Cliff Swallows

June 19, 2020
July 17, 2020
Rescue Location
Stafford County, Virginia
Cause of Admission/Condition
Habitat destruction
Former Patient
Patient photo

Last Updated Jump to patient updates

On June 19, the Wildlife Center had an exceptionally busy afternoon — when 98 new patients were admitted in a matter of minutes!

A bridge in Fredericksburg, Virginia, has been under construction this year; earlier this year, the Virginia Department of Transportation and Virginia Department of Game & Inland Fisheries started talking with the Center about impacts on nesting swallows. DGIF officials asked if the Center could care for any displaced nestling birds — and on June 19, we received 98 nestling and fledgling swallows!

Cliff Swallows are aerial insectivores that live and breed throughout much of the United States before migrating to Central and South America each year. They build mud nests in large colonies, typically on cliff ledges — or under bridges.

The rehabilitation staff quickly set up these 98 new patients in the Center’s ICU - some of the younger birds needed to be housed in incubators; older birds were set up in a variety of reptariums and aquariums. The staff carefully weighed and examined each individual bird and then started hand-feeding the young patients — for some young birds, as often as every 15 minutes.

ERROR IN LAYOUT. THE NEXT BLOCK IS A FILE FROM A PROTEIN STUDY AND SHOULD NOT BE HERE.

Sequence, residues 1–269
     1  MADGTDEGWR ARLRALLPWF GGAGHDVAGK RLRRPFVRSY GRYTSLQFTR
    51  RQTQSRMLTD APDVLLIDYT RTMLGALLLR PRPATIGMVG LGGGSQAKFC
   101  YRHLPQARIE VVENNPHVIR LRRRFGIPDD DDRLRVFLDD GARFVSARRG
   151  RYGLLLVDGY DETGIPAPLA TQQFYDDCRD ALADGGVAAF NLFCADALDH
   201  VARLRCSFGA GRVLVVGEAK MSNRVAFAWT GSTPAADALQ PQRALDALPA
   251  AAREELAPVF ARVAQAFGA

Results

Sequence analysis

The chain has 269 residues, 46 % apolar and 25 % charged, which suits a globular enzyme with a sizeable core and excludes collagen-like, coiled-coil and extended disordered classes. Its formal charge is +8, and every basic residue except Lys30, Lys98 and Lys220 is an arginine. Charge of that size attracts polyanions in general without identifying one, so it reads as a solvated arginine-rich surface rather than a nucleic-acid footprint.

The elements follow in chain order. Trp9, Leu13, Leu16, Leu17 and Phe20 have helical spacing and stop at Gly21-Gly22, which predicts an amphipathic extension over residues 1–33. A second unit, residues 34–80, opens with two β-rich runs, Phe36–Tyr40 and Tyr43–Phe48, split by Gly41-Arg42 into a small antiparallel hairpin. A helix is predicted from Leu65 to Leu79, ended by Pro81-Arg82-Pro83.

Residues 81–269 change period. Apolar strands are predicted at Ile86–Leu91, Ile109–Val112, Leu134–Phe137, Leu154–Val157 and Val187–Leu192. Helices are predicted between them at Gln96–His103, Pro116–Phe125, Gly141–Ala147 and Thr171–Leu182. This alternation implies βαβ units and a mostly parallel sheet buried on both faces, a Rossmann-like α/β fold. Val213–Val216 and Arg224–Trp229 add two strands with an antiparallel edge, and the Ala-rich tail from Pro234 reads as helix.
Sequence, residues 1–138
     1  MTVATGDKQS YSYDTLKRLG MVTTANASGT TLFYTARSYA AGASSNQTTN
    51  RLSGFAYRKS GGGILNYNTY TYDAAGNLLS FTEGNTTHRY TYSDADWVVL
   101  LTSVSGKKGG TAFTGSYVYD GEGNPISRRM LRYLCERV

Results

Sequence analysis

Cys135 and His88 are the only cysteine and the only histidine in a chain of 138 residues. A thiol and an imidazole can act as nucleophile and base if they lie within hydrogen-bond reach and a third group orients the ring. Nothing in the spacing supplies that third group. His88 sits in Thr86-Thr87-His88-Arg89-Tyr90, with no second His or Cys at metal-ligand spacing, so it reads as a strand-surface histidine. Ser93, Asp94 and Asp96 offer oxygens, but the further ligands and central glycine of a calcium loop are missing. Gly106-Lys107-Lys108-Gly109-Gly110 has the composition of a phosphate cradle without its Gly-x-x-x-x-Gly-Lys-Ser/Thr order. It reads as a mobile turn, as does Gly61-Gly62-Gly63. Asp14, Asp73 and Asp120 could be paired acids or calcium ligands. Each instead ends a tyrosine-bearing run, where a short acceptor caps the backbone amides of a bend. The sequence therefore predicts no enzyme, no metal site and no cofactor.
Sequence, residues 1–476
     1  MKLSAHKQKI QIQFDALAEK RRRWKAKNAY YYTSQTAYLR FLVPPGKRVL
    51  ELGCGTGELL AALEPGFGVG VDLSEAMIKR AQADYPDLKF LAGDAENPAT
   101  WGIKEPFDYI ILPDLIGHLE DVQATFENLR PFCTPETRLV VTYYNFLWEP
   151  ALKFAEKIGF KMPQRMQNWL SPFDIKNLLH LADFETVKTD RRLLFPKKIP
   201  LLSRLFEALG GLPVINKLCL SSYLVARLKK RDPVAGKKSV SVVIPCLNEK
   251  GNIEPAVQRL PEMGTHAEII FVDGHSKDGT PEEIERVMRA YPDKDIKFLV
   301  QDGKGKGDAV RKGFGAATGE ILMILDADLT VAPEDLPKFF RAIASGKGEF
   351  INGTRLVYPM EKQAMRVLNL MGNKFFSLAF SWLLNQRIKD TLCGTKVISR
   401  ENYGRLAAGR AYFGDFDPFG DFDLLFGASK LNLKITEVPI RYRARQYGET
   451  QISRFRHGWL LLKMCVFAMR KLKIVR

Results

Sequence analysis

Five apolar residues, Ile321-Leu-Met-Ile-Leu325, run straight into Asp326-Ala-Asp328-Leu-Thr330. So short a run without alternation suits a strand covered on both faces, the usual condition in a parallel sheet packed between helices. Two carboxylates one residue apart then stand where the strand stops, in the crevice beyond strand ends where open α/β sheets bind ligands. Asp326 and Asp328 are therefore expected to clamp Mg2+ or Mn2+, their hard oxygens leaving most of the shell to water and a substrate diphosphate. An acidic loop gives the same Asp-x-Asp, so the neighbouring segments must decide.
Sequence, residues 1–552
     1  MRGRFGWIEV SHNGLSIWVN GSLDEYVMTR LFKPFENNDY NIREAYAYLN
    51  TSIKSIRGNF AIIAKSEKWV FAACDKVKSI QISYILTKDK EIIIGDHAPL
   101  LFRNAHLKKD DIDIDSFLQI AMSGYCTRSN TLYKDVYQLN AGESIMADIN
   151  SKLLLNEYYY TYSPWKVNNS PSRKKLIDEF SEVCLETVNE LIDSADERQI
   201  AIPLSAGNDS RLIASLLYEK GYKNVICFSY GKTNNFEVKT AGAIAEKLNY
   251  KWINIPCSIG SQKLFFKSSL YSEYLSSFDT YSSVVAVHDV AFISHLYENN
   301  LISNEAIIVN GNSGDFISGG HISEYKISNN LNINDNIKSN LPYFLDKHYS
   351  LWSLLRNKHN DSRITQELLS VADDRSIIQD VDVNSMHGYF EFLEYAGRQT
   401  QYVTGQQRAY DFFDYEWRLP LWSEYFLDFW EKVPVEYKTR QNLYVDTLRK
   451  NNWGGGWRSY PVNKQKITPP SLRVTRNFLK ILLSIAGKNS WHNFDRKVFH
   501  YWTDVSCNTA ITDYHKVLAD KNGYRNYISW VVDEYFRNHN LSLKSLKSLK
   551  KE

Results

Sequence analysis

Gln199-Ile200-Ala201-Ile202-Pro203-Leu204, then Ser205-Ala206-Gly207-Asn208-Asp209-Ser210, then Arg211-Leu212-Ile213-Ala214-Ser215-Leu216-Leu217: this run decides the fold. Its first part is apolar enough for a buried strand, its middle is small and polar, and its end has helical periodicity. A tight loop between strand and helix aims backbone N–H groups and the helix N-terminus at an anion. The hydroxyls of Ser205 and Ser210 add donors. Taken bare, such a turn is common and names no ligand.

During the next week, several at-home wildlife rehabilitators and other wildlife rehabilitation centers volunteered to take some swallows — working together to ensure that all 98 birds received enough individual attention and care. By the end of June, only six Cliff Swallows remained at the Center, and were old enough to move into the Center’s outdoor aviary.

Currently, the swallows in the Center’s aviary need to be fed every 60 minutes; the staff are attempting to teach the young birds how to "eat on the wing" — which often involves waving the meal of insects in the air while the swallows fly in the aviary.

You can help support our work with native wildlife.

Your donation will help provide care for these young Cliff Swallows and approximately 4,000 other patients that the Wildlife Center will help this year.


Patient Updates

The Cliff Swallows that remained in the Center’s aviary gradually began eating more on their own in early July. By mid-July, the rehabilitation team decided that the swallows were ready for release. Wildlife rehabilitator Shannon checked eBird for local sightings of Cliff Swallows; for these young birds, the team decided it would be ideal to release them with an established wild flock. The birds who grew up in the Center’s care will benefit from their wild counterparts' skills, and since Cliff Swallows migrate in large groups, the Center’s young charges will have an established flock to migrate with this fall.